Good Answer, Howie: Playing in D.C. a ‘Dream Come True’

WASHINGTON — Howie Kendrick is a veteran in every sense of the word: in the field, where he can play multiple positions; at the plate where he can still swing for occasional power; and behind the microphone, where he can still woo the new fans.

ALSO READ: Nationals Add Veteran Kendrick

“It’s really cool to come here. It’s probably one of my favorite cities in the United States,” Kendrick told the media about his deadline trade from Philly to Washington, D.C. “I love history and I love the history that D.C. has. And to be able to come here and play for this team — it’s a dream come true.”

Kendrick, 34 and in the downslide of his career, likely dreams of a World Series ring. He was drafted by the Los Angeles Angels in the same season that they won the World Series. Since then, he has gotten a sniff at the playoffs but never made it to the big dance.

The Nationals are in a fittingly similar position: competitive for a long period of time, but lacking the pieces necessary to make it all the way. Kendrick plays a small, but important part of that equation.

Kendrick has a reputation for being a good clubhouse guy, and a mentor to younger players. While he won’t be playing a Crash Davis role with any Nats youngsters, who could be the type of calming influence needed when things get jittery down the stretch of a long season.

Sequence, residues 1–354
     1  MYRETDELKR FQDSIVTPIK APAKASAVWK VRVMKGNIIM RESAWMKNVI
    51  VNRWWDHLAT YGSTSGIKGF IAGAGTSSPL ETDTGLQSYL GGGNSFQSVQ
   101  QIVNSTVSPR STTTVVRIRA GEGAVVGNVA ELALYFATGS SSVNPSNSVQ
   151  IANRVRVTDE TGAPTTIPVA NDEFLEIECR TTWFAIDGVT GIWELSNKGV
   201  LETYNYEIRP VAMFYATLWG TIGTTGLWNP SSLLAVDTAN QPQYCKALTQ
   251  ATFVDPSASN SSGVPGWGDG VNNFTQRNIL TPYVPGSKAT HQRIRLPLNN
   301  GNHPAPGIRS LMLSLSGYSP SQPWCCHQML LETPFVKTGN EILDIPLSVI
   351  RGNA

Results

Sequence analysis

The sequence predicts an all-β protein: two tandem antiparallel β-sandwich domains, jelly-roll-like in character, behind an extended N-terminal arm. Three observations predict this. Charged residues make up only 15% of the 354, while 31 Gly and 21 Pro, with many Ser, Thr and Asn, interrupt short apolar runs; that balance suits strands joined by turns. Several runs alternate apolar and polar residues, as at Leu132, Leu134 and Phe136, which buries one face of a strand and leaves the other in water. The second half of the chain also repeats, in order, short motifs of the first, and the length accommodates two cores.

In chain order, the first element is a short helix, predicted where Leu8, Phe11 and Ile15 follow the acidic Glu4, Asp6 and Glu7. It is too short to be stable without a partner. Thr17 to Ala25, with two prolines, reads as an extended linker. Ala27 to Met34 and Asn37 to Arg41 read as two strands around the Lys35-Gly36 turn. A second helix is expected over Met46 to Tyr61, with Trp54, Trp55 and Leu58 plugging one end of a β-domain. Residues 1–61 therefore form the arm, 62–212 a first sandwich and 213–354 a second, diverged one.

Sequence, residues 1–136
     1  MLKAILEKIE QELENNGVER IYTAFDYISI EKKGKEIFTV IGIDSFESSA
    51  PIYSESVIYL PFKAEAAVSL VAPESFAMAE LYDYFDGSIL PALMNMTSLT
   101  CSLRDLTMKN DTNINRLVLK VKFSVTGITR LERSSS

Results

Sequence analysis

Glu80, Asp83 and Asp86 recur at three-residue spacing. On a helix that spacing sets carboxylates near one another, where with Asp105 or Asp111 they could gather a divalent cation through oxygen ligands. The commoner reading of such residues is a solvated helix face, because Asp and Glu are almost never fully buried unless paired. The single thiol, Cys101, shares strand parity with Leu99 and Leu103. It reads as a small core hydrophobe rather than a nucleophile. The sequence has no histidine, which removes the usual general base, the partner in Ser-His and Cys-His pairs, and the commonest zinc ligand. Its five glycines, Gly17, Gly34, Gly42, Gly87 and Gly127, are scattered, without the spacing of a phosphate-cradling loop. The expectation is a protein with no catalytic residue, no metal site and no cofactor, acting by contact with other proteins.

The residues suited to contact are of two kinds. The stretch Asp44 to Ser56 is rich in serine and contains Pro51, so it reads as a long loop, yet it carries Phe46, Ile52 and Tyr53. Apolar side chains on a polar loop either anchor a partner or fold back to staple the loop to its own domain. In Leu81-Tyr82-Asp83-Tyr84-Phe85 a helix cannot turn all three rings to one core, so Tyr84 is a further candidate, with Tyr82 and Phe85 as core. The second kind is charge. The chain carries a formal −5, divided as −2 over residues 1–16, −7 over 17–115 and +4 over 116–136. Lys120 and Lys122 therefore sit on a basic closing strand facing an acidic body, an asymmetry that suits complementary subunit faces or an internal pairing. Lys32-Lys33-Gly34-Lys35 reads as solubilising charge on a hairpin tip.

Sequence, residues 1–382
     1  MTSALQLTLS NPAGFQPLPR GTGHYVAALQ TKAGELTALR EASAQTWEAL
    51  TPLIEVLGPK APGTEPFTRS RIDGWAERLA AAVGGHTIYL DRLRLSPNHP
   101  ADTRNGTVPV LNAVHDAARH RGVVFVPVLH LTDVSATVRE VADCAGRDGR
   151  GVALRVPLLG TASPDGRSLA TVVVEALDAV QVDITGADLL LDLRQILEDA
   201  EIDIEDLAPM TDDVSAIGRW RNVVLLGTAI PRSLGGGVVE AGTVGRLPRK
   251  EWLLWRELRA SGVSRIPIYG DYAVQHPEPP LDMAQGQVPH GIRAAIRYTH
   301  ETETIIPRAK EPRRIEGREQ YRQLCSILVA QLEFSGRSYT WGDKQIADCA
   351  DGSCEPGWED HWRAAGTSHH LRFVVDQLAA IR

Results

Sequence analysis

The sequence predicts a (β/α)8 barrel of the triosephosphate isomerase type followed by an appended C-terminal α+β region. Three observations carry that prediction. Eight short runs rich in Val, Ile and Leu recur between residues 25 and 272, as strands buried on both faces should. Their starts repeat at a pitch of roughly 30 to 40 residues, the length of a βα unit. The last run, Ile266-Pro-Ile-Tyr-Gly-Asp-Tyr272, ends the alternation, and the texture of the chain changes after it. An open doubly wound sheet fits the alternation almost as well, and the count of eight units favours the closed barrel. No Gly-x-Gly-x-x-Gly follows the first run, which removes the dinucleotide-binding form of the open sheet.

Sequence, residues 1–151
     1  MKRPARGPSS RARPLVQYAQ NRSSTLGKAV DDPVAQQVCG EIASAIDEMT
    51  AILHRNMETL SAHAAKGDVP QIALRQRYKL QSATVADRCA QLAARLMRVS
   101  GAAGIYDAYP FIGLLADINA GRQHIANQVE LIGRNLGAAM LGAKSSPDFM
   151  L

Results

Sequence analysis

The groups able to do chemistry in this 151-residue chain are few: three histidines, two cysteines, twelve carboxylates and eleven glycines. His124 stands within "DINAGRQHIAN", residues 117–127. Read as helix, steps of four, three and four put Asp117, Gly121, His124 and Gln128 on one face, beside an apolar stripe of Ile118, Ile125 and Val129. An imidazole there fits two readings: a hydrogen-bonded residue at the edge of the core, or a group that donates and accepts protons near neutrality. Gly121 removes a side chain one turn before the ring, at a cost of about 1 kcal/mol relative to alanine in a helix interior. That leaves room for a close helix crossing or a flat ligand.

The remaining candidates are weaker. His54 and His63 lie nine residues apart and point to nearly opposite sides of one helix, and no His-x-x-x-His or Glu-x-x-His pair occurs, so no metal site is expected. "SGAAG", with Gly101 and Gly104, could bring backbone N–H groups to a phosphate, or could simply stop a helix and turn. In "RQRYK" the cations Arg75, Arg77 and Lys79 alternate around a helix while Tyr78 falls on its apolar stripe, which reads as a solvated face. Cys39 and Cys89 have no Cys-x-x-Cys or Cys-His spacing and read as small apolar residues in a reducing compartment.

“I always said he was a good fit for us,” general manager Mike Rizzo told the media. “He strengthens our bench, strengthens our presence specifically against left-handed pitching. He’s got a good split against righties and lefties, and he’s always been a consummate professional defender and offensive player.”

It doesn’t hurt that Kendrick has long admired Dusty Baker and the Nationals way of doing business.

“I’ve been a fan of Dusty’s for a long time,” he said. “I’ve always admired from afar of the way he manages and just been a fan of the Nationals too.”

As with most player acquisitions, it’s all love in the beginning, before eventually devolving into X’s and O’s. Kendrick will continue to love the Nats if he gets playing time and/or they consistently win. The Nats will continue to love Kendrick as long as he does his job when called upon.

For now, he showed up a day earlier than expected, was available even while nursing a bruised wrist, got a hit with a run scored in his first at-bat with the Nationals. That’s a pretty stellar first impression.

 

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